New Delhi , Sept 27: Terming the two laws on adultery – Indian Penal Code (IPC) section 497 and 498 — as unconstitutional and a colonial rule, the Supreme Court on Thursday struck down the two sections. While decriminalising adultery, the court also struck down section 198 (2) of the Code of Criminal Procedure (CrPC) that allows only the husband of the woman to be considered as aggrieved under IPC sections 497 or 498.
•Supreme Court strikes down IPC 497, IPC 498 decriminalising adultery
•Supreme Court also struck down section 198 (2) of the Code of Criminal Procedure (CrPC) that allows only the husband of the woman to be considered as aggrieved under 497 or 498
•The court felt 497 treats woman as a chattel or a property of a man as there is no offence if there is consent of the man
•Businessman Joseph Shine filed a PIL for Section 497 to be struck down on grounds of being unconstitutional, unjust, illegal and arbitrary.
•Government in its affidavit said IPC 497 was enacted to safeguard the sanctity of marriage, diluting it would be detrimental to matrimonial bond.
In their judgement, passed unanimously, the Supreme Court’s Constitution Bench headed by Chief Justice of India (CJI) Dipak Misra, comprising Justices Rohinton Nariman, AM Khanwilkar, DY Chandrachud and Indu Malhotra observed that mere adultery cannot be a crime unless it attracts the scope of IPC’s Section 306 (Abetment of suicide). However, the court said that it can be a ground for divorce and a person will have civil remedies for it.
Section 497 stated that whoever has sexual intercourse with the wife of another man, without the consent or connivance of that man, such sexual intercourse not amounting to the offence of rape, is guilty of the offence of adultery. The said man faces imprisonment of upto 5 years or fine or both. In such cases, the wife shall not be punishable as an abettor. CrPC 198 (2) specifies that no person other than the husband of the woman shall be deemed to be aggrieved by any offence punishable under section 497 or section 498 (enticing, taking away, detaining with criminal intent a married woman who is someone’s else wife, from that man with the intention of having illicit intercourse with her).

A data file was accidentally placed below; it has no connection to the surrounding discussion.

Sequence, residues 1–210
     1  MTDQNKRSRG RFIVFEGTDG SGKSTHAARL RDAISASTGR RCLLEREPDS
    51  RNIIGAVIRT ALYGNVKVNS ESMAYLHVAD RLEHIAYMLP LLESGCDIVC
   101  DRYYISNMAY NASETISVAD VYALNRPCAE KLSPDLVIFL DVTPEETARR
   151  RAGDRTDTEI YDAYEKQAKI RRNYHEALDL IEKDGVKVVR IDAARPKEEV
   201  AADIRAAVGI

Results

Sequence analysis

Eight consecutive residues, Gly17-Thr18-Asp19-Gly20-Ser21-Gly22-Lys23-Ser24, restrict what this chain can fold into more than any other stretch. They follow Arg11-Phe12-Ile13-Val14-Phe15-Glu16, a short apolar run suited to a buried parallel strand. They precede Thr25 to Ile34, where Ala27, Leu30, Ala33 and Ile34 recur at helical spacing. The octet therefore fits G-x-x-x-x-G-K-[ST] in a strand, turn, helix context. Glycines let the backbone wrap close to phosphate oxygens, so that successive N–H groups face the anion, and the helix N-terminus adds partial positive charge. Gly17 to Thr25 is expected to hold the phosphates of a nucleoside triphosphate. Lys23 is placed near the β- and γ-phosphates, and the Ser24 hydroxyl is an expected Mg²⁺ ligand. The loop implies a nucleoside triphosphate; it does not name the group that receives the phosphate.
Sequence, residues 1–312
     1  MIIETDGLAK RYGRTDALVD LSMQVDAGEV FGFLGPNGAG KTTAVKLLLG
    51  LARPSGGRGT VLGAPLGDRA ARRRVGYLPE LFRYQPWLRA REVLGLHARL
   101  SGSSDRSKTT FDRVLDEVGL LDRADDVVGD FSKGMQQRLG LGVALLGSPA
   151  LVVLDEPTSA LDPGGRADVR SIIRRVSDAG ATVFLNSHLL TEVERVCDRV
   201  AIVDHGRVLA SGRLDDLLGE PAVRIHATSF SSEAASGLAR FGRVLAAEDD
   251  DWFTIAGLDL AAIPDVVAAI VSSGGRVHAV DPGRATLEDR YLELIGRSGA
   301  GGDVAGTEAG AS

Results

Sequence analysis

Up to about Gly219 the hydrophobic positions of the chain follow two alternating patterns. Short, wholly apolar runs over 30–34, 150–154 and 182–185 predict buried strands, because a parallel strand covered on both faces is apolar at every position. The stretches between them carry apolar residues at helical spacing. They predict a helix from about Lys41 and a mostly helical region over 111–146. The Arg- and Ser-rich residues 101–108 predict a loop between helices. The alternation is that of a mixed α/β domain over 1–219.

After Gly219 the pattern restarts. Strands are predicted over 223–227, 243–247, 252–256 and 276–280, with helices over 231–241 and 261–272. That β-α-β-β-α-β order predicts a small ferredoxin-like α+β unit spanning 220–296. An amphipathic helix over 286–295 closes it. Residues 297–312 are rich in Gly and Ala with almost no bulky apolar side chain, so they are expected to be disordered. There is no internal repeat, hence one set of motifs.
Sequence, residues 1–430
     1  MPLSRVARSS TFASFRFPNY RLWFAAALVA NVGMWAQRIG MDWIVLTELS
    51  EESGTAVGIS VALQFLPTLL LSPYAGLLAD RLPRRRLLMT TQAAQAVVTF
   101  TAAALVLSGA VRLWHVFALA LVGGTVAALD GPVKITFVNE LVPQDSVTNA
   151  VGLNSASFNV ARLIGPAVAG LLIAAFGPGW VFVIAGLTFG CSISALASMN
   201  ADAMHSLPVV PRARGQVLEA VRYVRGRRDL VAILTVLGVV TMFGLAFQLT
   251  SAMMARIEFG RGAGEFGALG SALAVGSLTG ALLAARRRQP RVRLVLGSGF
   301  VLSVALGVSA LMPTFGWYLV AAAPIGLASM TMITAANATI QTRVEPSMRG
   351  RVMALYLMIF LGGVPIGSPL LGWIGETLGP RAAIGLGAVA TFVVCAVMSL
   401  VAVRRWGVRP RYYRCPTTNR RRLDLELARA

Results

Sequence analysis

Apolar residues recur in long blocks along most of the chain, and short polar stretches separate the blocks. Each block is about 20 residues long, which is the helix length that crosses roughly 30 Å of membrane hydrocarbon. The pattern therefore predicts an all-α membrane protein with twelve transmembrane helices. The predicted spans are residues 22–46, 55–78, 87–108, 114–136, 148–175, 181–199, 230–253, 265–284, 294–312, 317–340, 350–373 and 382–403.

The top court observed that parameters of Fundamental Rights should include the rights of women and that individual dignity is important in a sanctified society. The court felt that the law was against women who had no opportunity to defend themselves in a situation where they are falsely linked to a man on mere suspicion, since a woman cannot be made party to the case under 497 and had no locus standi.
Chief Justice of India (CJI) Dipak Misra while reading out the judgement said: “Equality is the governing principle of a system. A husband is not the master of his wife.”
The apex court said that legal subordination of one sex by another is wrong and considered views of Justice Rohinton Nariman on social progression of women in the Triple Talaq case while passing the judgement. In today’s case Justice Nariman observed that adultery violates of Article 14 of the Constitution and cannot be treated as an offence.
Justice Chandrachud said sexuality cannot be constituted as a physical attribute and it cannot be disassociated with human psychology.
“It is a monumental judgement. I am extremely happy with it. The people of India should also be happy,” petition’s lawyer Raj Kalliswaram told ANI. The lawyer explained that the court felt 497 treats woman as a chattel or a property of a man as there is no offence if there is consent of the man.
Reacting to the judgement, National Commission for Women (NCW) Chairperson, rekha Sharma said, “I welcome this judgement by Supreme Court. It was an outdated law which should have been removed long back. This is a law from British era. Although the British had done away with it long back, we were still stuck with it.”
In August this year, the top court had reserved the verdict in the case while observing: “The idea of imposition of Section 497 of the Indian Penal Code is not to enforce monogamy but to ensure to protect fidelity in the marriage, which is a promise made by both the parties while entering to a marriage.”
The Apex Court in December last year had issued a notice to the Centre asking why a married woman who is equally liable for the offence of adultery with a married man, who is not her husband, be not punished along with the man.
This came after a businessman, Joseph Shine, filed a Public Interest Litigation (PIL) for Section 497 to be struck down on grounds of being unconstitutional, unjust, illegal and arbitrary. However, the Centre, in an affidavit filed in the Supreme Court in July, in response to Shine’s petition, said that Section 497 of the Indian Penal Code was enacted to safeguard the sanctity of marriage and diluting it would be detrimental to matrimonial bond.